Hanna is a force. She is smart, precocious and bursting with imagination. But she is not like other children. It’s not that Hanna can’t talk, she simply won’t.
Suzette is weak. Crohn’s disease and Hanna’s constant hostility are sapping her of every ounce of strength. It’s not that she doesn’t love her daughter. She is beginning to believe she can’t.
Alex is basking in denial. He blames the schools, the nannies, the baby sitters. He even blames Suzette’s ailment for Hanna’s strange and increasingly disturbing behaviour rather than admit his daughter is not an angel.
Then Hanna speaks. And Suzette isn’t even sure the malicious child in front of her is her daughter any more.
Fear, humiliation, frustration, sleepless nights, stand-offs and a hundred other potential agonies; they come with the parental package the moment our little darling is born. And although we never stop being parents, we can justifiably wipe our wrinkled brows and heave a sigh when our little darling trips off to his or her first full-time job. I am no exception. But give me a novel about an evil child and I am in heaven. From the safety of my (empty) nest, I revel in their outrageous behaviour. My pulse accelerates with their mounting deviousness. The more harm they do, the more I want to read. For me, wicked children shove serial killers into the shadows of insignificance.
Hanna is no exception. It is the author’s attention to detail and clear knowledge of the species (if you didn’t know, children do not come from this planet!) that makes Hanna leap off the page, teeth bared, and nails sharpened. Bad Apple is also an excellent study of Crohn’s disease and human nature and that makes Suzette a credible protagonist, and a torn, sick mother.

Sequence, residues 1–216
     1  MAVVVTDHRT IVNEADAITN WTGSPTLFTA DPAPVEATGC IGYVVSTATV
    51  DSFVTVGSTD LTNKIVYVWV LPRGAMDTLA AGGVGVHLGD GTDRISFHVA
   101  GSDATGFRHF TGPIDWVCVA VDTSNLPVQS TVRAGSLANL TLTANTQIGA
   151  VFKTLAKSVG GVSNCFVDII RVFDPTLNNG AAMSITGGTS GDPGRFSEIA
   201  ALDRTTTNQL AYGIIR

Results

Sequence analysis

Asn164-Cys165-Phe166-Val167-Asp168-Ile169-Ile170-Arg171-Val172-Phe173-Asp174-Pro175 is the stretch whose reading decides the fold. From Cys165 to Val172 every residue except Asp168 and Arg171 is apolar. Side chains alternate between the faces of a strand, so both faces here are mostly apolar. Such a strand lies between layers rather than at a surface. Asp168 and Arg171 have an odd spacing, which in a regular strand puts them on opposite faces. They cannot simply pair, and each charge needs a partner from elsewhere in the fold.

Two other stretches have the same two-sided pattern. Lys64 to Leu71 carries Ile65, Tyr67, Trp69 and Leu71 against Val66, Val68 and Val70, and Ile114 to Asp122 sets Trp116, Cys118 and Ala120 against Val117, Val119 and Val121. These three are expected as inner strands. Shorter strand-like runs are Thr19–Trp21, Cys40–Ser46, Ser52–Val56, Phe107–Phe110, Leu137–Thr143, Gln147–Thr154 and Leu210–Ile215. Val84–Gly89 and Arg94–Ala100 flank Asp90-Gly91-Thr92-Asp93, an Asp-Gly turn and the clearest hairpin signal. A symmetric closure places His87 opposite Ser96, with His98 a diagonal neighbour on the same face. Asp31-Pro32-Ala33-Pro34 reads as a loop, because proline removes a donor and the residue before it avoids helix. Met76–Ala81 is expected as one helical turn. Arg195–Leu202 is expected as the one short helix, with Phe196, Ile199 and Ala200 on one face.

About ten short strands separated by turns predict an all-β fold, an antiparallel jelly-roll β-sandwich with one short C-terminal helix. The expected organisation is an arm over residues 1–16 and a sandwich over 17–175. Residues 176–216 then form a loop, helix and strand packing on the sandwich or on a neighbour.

The story flips between Hanna and Suzette. Both points of view are written in the third person past tense, but we are treated to beautiful passages of introspection, which makes this an intimate read. And the voices of both are utterly convincing. Hanna’s mind-words are mouth-wateringly creative whilst portraying the black and white opinions of a child; it is as if the author has climbed inside a little girl’s head and dug out her deepest, darkest thoughts. Suzette is flawed; sometimes wishy-washy, often angry, but always likeable.
Although the milieu is scant in detail, it is irrelevant. Stage has set her story in Anywhere-Town, but she has made it recognisable by detailing it with atmosphere, whether at the hospital, in the supermarket, house or school.
The author knows how to tease; little bits of backstory, trifling incidents that gradually worsen, violence and a bit of blood, but nothing gratuitous. And as well as the writing being above average, the pacing is heady, unrelenting. This ensemble creates one of those rare books where the reader is torn between needing to know how bad it gets and not wanting the book to end.
This book delivers on quality suspense, atmosphere and is a disturbing insight into the minds of a broken family. Zoje Stage is an author to follow.